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Everybody is a hoe

Wednesday, August 8th, 2007

Up at 4:30 a.m., meditation for forty minutes, and then the whole place–managers, gray heads, newbies, everybody–heads for the fields on Wednesday mornings, to work from 6 a.m till 7 a.m. I guess the idea is to keep everyone connected with the original mission of the place. Today the job was hoeing. Everybody got a hoe, and we chopped the rows, weeding and aerating the soil around the baby lettuces. The chunk! chunk! chunk! of the hoes was rhythmic in the dawn as the birds began to sing and fifty people fanned out in the field. Flaming queens in their hats and scarves; old dykes with faces like leather and painter’s pants with farm implements hanging from the belts; young and buff people, old and stiff people, couples and singles, everyone working in silence. Then breakfast. Then I had dishwashing for two and a half hours, cleaning toilets and guest rooms till lunch, then more dishwashing till nearly 3 p.m. I’m absolutely worn out, but the best part of the day was the hoeing. [read on]

GG Day 4: she loses her faith

Tuesday, August 7th, 2007

Buddhism is not, of course, a “faith.” It’s a way of life, a set of principles, ethics, and stars to steer by. I have not lost any of that. But I have definitely lost a dream. For many years, I thought, “If I can just get through this, eventually I’m going to become a Buddhist nun, and then I will be fully who I am.” Hah. It was a romantic fantasy I had, that in my old age I would blossom into a saint, or something like that, in flowing and graceful robes, with a shaved head and a smile of bliss on my face. (I haven’t read Queneau’s La Dimanche de la Vie four times for nothing.) The truth is, I have have spent my life becoming fully who I am. The idea that living in Buddhist community would be a kind of glorious finale for my life is a delusion, like so many that have come before. It is always wonderful to be freed of another delusion. I felt more fully alive and more connected with the universe in Portugal, sitting on the miradouro in Melgaco, than I have felt at either of these Zen centers. That is not to say anything negative about the Zen centers. They are wonderful in their way, and they offer nourishment for many people. But not a way of life for me. [read on]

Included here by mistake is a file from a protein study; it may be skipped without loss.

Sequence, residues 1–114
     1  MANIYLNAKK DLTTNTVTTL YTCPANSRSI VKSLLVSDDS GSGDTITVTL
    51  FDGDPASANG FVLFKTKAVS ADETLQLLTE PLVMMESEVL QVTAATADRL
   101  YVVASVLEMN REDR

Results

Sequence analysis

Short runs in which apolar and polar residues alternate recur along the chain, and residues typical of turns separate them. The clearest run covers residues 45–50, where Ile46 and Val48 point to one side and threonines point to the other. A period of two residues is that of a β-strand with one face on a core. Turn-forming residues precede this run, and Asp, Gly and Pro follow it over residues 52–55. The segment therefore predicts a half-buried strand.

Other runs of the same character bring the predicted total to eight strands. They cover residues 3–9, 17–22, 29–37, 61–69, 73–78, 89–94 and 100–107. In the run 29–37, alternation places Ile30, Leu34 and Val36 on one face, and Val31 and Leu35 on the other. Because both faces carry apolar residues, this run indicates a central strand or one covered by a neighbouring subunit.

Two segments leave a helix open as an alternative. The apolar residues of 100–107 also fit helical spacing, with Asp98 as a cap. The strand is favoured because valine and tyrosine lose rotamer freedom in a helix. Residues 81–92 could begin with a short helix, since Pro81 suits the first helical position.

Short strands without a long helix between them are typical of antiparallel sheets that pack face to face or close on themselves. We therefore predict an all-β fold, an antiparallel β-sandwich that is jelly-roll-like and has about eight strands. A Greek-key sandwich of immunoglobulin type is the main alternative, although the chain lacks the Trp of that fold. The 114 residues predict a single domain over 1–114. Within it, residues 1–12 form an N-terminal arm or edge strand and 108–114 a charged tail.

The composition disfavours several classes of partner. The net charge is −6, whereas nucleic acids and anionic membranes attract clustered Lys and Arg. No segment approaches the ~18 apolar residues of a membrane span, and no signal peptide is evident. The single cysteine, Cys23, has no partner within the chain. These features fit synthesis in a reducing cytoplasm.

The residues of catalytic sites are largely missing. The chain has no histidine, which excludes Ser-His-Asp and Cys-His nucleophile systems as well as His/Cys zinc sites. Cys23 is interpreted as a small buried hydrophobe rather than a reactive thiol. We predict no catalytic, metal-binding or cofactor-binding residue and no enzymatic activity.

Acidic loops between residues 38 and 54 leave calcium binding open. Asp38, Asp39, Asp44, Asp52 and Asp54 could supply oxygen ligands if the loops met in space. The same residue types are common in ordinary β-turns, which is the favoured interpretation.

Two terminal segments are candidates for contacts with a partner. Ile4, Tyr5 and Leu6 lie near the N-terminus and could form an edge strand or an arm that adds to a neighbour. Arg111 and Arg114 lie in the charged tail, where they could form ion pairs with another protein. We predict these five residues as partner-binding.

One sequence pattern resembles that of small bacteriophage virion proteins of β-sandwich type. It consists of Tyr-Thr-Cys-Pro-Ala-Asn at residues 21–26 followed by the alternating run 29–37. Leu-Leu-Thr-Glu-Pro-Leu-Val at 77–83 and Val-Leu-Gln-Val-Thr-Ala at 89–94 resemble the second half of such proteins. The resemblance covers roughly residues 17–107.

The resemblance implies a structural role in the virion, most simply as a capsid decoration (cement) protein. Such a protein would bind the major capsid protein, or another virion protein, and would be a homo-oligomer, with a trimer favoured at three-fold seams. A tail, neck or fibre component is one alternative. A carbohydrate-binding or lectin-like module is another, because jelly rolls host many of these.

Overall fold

Packing up, moving out

Sunday, July 22nd, 2007

I’m humming “leavin’ on a jet plane.” Some of you may recognize the allusion. (The remaining lyrics to that song have never held any meaning for me, but I’ve hummed that refrain to myself for so many years it’s almost a theme song; that, Leonard Cohen’s “Bird on the Wire,” and Bob Dylan’s “It Ain’t Me, Babe.” I love these leaving-town, heading-into-the-sunset songs.) So here’s the deal: I’m packing my sleeping bag and my carry-on, putting my toiletries in a clear plastic baggie for Michael Chertoff’s benefit, and heading west on Southwest Airlines. [read on]

Portland, here I come!

Friday, June 29th, 2007

I remain fascinated by the possibility of moving to Portland, Oregon either AFTER a spell of living at a Zen center, or INSTEAD of living at a Zen center. There are three apartment complexes–well, be honest–old folks’ homes (you have to be 62 or older to be considered): run by an association of labor unions, in three different parts of Portland, Oregon. Those who know me well will be screaming NO! You’re not THAT old! But wait. Drop the stereotypes. These places offer nice little apartment-type living spaces (all utilities included) for 1/3 of whatever a person’s monthly income is, with preference given to low income people. I love the politics of that. This could be very good. Fuddy-duddy old rich people would be screened out. Progressive labor union types, rabble-rousers and old hippies could be in. Of course I need to take a look. It’s a shock to my system to think about this option, but it might be the best thing out there. [read on]